Poliak, J.; Hänsel, F.; Marais, J.:
Validation process for usage GALILEO in railways.
Proceedings of the 15th International Symposium Eurnex - Zel 2007 "Towards the competetive rail system in Europe", Zilina/Slovak Republic, May 2007.
Satellite-based positioning systems are promising solutions for the future of railways as they can satisfy most of the requirements they are not depending of national systems and they can be embedded solutions instead of infrastructure equipments and thus reduce maintenance costs. The main challenge for a good penetration of the domain will be to prove that performance answer to railway requirements in real railway conditions of use in particular for safety related applications especially on low density secondary lines.
The paper will offer an overview of railway requirements for positioning and Galileo specifications. Both communities are using their own definitions and their own language. The aim of the first part of the paper will be to compare them. Moreover, in order to help them to understand themselves and make railways accept Galileo as a reliable system, we will describe the two certifications usages.
The second part of the paper will concentrate on the proposal of a methodology in order to validate the GALILEO performance in a real railway environment. The work to perform will be written in the context of the already existing GALILEO certification process. From the railway point of view, a GALILEO receiver will be used as certified equipment. However the reception conditions, that impact on positioning accuracy or availability, will be studied in typical railway environments. These typical environments will have to be defined and described. This work will combine the PREDISSAT tool developed at INRETS that analyses reception conditions extracted from a video record along lines and the iVA tool, CaRail that allows us to compare measurements to an experimental reference platform. The use of both tools will give some important information for precise performance analyses.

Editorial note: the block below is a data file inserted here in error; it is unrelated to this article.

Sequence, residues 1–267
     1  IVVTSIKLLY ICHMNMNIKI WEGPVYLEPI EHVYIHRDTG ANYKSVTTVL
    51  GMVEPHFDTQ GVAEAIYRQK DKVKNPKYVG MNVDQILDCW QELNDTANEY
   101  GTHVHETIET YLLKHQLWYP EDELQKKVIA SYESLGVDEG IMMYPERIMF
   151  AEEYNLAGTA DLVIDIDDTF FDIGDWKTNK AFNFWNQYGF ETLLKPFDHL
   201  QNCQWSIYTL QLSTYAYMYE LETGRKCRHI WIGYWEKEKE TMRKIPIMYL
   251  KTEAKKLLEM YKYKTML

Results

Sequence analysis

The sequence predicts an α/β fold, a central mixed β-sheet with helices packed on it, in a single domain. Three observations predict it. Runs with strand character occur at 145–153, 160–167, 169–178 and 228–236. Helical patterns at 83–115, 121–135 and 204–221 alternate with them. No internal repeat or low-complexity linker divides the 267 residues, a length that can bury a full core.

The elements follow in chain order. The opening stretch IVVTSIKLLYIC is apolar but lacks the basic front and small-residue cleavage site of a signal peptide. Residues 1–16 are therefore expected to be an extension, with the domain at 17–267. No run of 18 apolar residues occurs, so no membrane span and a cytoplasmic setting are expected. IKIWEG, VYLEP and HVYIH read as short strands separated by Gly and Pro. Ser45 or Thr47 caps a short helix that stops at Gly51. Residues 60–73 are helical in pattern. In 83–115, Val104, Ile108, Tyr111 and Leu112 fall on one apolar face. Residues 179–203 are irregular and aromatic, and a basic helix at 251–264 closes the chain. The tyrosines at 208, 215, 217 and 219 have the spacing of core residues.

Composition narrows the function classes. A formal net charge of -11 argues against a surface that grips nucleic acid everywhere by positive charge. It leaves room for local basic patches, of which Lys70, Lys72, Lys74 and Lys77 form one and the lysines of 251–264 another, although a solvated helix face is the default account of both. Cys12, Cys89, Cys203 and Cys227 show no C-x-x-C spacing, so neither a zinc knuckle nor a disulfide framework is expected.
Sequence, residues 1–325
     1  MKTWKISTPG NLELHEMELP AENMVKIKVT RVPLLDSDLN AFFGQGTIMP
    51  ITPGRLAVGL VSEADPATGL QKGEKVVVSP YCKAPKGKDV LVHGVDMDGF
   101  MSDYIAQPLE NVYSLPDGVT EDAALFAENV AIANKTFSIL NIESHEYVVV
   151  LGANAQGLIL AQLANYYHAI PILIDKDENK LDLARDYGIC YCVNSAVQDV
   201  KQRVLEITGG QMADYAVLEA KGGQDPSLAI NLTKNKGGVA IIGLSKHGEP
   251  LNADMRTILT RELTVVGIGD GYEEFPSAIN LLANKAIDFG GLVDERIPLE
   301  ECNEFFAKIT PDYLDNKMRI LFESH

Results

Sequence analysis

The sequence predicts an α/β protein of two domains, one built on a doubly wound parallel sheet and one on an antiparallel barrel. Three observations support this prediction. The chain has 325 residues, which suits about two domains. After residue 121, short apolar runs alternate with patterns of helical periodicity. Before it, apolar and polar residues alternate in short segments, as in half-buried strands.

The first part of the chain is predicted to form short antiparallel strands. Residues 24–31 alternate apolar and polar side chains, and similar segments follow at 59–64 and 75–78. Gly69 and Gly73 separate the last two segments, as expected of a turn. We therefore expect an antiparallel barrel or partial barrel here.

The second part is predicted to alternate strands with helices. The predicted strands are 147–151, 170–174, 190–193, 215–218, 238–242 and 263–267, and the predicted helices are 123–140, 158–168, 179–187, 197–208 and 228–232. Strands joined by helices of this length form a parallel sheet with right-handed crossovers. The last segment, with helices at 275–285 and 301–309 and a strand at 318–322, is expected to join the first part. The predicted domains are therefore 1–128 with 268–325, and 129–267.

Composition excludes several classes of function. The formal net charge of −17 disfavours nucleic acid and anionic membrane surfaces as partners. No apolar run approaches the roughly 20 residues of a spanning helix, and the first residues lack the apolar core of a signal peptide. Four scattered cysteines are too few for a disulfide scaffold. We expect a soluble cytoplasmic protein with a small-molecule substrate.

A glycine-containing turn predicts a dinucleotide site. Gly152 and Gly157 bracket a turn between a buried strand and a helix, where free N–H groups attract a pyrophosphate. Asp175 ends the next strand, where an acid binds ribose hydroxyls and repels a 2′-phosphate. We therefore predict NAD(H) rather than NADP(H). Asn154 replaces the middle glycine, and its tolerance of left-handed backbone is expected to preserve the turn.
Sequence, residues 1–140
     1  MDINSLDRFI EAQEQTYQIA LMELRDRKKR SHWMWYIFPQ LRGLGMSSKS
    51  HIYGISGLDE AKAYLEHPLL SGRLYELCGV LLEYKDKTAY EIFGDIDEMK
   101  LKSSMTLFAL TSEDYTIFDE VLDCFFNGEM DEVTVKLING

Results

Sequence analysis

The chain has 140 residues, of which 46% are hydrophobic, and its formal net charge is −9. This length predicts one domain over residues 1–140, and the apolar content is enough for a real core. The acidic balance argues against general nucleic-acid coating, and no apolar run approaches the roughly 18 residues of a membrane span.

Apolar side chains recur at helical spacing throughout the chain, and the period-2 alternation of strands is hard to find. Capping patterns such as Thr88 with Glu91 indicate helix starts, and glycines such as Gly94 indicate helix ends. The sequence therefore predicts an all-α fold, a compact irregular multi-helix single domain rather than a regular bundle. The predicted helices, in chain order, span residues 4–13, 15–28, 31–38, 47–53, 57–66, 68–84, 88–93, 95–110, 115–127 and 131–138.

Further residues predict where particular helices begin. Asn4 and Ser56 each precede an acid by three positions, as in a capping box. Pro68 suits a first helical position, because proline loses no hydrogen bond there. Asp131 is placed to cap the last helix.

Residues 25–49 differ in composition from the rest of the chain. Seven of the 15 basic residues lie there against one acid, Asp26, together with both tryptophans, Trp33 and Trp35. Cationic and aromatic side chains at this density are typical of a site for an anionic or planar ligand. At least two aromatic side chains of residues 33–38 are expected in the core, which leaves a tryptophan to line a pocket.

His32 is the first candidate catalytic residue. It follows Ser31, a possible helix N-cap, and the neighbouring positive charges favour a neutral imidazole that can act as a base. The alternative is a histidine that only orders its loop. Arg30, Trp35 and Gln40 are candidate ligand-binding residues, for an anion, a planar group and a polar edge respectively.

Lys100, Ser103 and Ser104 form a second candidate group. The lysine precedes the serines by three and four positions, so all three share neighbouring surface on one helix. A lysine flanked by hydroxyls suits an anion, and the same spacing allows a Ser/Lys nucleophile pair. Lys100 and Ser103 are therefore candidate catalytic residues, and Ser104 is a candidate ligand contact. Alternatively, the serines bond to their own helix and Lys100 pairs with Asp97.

This work will be performed in close contact with railway managers via the UIC working group. Their support is mandatory to propose clear answers and scenarios as close as possible from the real conditions of use. The certification process will have to be answered and explained in order to convince users and find a common language between the two communities, part of a common chain.